As Americans struggle with weight, more doctors turn to weight loss drugs

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Saturday, January 21, 2023
As many struggle with weight, more doctors turn to weight loss drugs
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Experts say nearly three quarters of Americans are struggling with their weight and many people are now using a medication originally intended to help with another issue. Lately, it's been gaining more widespread acceptance.

LOS ANGELES (KABC) -- Experts say nearly three quarters of Americans are struggling with their weight and many people are now using a medication originally intended to help with another issue. Lately, it's been gaining more widespread acceptance.

For 36-year-old Susan Corona, her determination to lose weight had her hitting the gym five days a week and eating well. However, the weight always came back.

"I did lose about 50 pounds, but then I gained five back, and another five back," she said.

Corona was diagnosed with the hormonal disorder polycystic ovarian syndrome or PCOS. Obesity experts say it's one of the many underlying conditions plaguing 70% of Americans who are overweight or obese.

"Like insulin resistance, PCOS, family history of diabetes, thyroid, or other hormonal imbalances, that makes it almost impossible for them to lose this weight," said Dr. Thais Aliabadi, who is an OB-GYN who also specializes in medical weight loss.

For nearly 10 years, she's been prescribing a class of drugs called semaglutides to help her patients lose weight. They were originally approved to treat Type 2 diabetes. Corona lost 25 pounds in less than three months.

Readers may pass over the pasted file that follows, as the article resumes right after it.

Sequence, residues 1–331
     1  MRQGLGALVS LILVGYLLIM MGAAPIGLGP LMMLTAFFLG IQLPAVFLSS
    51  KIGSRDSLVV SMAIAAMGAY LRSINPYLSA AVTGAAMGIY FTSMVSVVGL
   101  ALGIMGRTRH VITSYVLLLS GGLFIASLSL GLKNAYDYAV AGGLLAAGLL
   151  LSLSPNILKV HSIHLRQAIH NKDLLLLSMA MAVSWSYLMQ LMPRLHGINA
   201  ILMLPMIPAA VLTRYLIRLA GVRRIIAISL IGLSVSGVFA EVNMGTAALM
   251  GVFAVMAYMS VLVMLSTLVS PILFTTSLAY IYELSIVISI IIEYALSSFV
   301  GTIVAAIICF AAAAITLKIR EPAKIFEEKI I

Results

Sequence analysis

"It's been life changing for me and it's been the best decision," she said.

"If your BMI is 30 or more or if you have a BMI of 27 plus an underlying condition, then you qualify for these medications," Aliabadi said.

Semaglutides increase your body's ability to produce insulin and decrease glucagon. The result is reduced hunger and increased energy levels. The most well-known of these semaglutides is widely talked about on social media and in the press - popularity is driving up demand.

Dr. Lydia Alexander, the president-elect of the Obesity Medicine Association, said while these medicines are gaining far more acceptance for weight loss, the data for prescribing it to someone with a close-to-ideal BMI is unknown.

The most common side effect is nausea and vomiting.

"We don't know what the risks and benefits are for that person beyond the cosmetic effects and there is a shortage of the medication because a lot of people, 70% of the country, have a weight issue," Alexander said.

Without insurance, these drugs can cost anywhere from $900 to $1,500 per month. While taking semaglutide medication may help you lose weight while you are on the drug, studies show most people will regain much of that weight if they discontinue using it.

"So I use semaglutides just to drop their weight and get them to their dream weight, and then I teach them how to maintain it," said Aliabadi.

That's exactly the plan Cordero is shooting for.

"I'm very encouraged and very optimistic about my future, you know, and very thankful," she said.